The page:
In addition to the pain and sores that may develop when your pet gets exposed to the sun, sunburns can increase the odds of your pet developing skin cancers. Cats, in particular, are at a higher risk of cancers such as squamous cell carcinoma, when they get sunburned.

    There are several ways you can help protect your pet, and these can also help minimize their risk for overheating, which has its own potential health consequences. If you can, keep your pet out of the sun as much as possible. 

    If your pet has a cage outside, try to make sure that it is shaded, such as shifting your rabbit’s hutch to a different area of the yard. If your pet is going to be outside, look into pet-safe sunblock to help protect their skin.


    Depending on where you live in the world, summertime may see your pet at a higher risk of becoming exposed to external skin parasites, including fleas and ticks. Warmer weather is also usually associated with an increase in mosquitoes, which can irritate your pet’s skin or, more importantly, transmit heartworms to your dog or other pets.

    Each of these external parasites can lead to significant health complications. Fleas may cause your pet to become very itchy and could lead to skin infections. Ticks transmit diseases such as Lyme disease and may cause localized skin infections. These and other parasites may transmit significant diseases. Some are even contagious to you.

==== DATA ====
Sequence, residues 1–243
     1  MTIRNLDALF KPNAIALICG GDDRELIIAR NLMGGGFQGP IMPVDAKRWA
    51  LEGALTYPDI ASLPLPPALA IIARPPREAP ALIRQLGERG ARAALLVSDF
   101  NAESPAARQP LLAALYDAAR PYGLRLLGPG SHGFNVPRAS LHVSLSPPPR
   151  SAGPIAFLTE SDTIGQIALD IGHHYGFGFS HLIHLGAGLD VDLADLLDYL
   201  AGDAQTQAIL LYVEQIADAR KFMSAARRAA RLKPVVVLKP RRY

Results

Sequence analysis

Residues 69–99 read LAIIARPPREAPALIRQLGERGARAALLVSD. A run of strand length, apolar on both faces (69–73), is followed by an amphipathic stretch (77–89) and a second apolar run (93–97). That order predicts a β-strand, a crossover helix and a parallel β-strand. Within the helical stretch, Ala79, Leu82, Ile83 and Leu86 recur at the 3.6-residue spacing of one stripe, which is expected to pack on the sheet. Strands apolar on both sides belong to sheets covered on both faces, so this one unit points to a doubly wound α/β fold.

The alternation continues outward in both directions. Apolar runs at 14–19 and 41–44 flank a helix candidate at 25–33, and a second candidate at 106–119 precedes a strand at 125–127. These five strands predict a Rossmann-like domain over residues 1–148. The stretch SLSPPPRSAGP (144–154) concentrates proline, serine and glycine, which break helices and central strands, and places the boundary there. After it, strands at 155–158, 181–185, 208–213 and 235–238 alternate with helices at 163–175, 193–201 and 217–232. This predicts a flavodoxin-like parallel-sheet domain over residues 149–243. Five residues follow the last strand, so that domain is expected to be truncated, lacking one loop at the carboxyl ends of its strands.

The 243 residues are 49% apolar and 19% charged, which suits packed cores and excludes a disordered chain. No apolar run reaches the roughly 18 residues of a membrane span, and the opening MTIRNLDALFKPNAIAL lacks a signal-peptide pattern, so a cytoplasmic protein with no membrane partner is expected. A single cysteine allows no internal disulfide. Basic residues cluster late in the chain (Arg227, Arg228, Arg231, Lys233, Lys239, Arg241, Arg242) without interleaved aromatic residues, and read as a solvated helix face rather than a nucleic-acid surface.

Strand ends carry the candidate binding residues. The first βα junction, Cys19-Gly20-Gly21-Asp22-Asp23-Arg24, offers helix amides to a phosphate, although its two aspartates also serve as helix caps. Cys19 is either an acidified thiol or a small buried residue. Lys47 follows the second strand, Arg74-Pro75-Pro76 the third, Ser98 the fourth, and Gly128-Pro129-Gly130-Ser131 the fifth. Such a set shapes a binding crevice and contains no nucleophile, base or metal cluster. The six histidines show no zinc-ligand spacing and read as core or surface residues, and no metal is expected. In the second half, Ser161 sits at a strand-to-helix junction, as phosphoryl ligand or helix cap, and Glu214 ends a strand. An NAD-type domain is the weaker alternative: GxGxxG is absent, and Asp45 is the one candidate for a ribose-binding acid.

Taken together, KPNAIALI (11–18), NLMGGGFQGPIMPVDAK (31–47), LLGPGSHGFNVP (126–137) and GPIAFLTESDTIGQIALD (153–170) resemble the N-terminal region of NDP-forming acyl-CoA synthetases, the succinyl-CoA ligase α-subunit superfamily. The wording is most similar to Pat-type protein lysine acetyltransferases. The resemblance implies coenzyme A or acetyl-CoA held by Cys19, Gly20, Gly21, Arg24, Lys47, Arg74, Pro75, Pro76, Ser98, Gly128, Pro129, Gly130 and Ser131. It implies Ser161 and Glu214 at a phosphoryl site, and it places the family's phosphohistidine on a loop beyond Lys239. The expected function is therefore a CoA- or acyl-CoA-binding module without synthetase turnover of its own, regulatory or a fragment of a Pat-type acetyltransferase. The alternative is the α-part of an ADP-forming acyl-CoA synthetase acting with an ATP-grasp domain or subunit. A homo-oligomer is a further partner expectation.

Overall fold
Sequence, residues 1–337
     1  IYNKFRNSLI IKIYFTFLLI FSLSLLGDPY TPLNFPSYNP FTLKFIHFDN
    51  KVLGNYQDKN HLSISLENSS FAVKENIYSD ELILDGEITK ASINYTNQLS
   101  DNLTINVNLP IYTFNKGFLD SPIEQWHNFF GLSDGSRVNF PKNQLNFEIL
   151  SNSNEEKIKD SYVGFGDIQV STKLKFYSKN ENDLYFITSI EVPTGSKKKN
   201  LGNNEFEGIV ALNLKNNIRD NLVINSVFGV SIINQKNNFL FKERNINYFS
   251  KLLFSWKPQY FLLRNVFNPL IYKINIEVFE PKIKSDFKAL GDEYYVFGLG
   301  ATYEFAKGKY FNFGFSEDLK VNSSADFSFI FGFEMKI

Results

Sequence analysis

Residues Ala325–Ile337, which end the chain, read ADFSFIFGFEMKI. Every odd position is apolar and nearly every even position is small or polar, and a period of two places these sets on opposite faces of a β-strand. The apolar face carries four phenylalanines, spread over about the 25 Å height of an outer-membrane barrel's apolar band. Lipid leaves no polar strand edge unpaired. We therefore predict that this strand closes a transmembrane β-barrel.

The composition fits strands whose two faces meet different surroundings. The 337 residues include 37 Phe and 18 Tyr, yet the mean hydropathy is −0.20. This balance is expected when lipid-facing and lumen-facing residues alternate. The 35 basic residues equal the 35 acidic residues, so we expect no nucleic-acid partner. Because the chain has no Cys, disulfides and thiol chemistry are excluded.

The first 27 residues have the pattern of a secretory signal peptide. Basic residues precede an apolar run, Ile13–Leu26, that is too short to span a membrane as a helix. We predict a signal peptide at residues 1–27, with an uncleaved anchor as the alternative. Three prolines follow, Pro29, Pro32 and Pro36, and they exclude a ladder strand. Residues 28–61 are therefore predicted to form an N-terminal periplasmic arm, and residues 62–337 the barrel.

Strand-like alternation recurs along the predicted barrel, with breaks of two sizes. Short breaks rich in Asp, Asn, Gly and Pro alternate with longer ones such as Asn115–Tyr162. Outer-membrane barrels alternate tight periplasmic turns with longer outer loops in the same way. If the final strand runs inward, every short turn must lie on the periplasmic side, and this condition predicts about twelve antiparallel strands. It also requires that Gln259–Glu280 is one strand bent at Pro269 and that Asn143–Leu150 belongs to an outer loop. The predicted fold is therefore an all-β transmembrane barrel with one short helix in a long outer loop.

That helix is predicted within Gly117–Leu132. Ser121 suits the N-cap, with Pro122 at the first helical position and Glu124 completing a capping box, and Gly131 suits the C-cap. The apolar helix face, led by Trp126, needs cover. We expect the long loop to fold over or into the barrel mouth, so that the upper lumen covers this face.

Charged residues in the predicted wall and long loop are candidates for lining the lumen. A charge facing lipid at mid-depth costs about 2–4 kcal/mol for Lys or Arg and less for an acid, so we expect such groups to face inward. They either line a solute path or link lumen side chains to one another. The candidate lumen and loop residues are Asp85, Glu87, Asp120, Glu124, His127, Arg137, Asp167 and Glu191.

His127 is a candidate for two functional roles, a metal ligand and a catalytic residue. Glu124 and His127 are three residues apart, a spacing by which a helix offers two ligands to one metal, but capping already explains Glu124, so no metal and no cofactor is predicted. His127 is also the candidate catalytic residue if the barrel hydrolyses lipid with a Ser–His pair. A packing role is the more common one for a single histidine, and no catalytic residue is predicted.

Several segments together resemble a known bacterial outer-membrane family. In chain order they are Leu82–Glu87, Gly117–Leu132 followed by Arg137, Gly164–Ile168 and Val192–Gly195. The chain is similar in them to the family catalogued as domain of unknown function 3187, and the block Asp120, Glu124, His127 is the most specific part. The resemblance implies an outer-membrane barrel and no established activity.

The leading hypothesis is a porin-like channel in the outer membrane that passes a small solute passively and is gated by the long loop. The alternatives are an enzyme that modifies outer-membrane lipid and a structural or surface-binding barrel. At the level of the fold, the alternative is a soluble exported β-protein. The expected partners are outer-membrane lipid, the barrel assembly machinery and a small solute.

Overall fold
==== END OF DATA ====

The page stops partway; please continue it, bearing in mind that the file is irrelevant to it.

Your veterinarian can help you determine what the best course of flea, tick, and heartworm prevention would be, based upon where you live and your pet’s underlying health conditions.

    Swimming time?

    Some pets absolutely love swimming, and summertime is when they get to partake in their favourite pastime. Drowning can be a risk, so make sure to watch them closely and consider putting a life vest designed for your pet’s size and shape on them.

    If your pet likes to get wet, they may be at a higher risk for developing ear infections, particularly if they have other risk factors, such as allergies. Discuss ear cleaning plans with your veterinarian to help find the most effective course for your pet to minimize problems.

    Depending on where your pet is swimming, they might be exposed to other compounds that could upset their skin or body. Chemicals in pools may irritate their skin, so you should consider bathing them after a swim. Pets playing at the beach may drink salt water, which can cause diarrhoea or vomiting. Certain ponds or lakes may have chemical runoff, which could be toxic, or bacteria or algae that can cause disease, including leptospirosis.


    If you’re planning to enjoy the summer with your pet, whether it´s a cat, rabbit, or dog, you just need to have a game plan to keep them safe. Discuss your plans for the summer with your vet to get recommendations on the best preventative care for your pet.  

    Before you get out there and enjoy travelling, make sure your pet can be identified with a microchip, tattoo, or collar with identification tags. Keep your registration up-to-date, and ensure your pet is appropriately vaccinated to minimize potential health risks. Also make sure to use protective gear, such as booties and reflectors, to keep your pet safe.